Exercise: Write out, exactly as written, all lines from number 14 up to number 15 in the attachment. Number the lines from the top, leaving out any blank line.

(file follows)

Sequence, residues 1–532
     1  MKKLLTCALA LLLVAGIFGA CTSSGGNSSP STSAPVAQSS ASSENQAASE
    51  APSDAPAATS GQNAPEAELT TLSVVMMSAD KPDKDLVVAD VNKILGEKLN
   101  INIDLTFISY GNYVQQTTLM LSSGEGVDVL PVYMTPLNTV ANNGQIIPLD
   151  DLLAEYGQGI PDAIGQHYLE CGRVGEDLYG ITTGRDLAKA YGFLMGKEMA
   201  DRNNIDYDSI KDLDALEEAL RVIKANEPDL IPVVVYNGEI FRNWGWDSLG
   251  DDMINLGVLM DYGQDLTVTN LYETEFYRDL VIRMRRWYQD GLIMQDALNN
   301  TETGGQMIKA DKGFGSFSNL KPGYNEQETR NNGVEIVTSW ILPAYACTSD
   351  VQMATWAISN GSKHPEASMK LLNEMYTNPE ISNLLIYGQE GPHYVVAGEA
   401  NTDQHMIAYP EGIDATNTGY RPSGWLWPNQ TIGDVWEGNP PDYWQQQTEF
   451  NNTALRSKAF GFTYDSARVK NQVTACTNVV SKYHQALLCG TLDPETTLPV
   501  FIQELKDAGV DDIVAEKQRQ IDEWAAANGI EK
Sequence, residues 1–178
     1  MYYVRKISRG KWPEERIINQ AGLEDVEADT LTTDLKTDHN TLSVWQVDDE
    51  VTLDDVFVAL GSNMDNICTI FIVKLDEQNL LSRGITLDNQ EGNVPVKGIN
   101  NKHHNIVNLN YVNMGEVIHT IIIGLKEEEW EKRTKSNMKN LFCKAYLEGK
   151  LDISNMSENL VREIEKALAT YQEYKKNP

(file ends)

     1  MYYVRKISRG KWPEERIINQ AGLEDVEADT LTTDLKTDHN TLSVWQVDDE
    51  VTLDDVFVAL GSNMDNICTI FIVKLDEQNL LSRGITLDNQ EGNVPVKGIN